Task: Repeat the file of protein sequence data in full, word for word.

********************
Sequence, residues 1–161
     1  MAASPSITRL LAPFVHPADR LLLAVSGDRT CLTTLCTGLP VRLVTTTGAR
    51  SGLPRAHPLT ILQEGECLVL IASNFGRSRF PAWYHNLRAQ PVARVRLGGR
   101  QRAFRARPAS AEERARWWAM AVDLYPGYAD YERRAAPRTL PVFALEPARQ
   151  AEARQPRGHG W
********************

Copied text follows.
Sequence, residues 1–161
     1  MAASPSITRL LAPFVHPADR LLLAVSGDRT CLTTLCTGLP VRLVTTTGAR
    51  SGLPRAHPLT ILQEGECLVL IASNFGRSRF PAWYHNLRAQ PVARVRLGGR
   101  QRAFRARPAS AEERARWWAM AVDLYPGYAD YERRAAPRTL PVFALEPARQ
   151  AEARQPRGHG W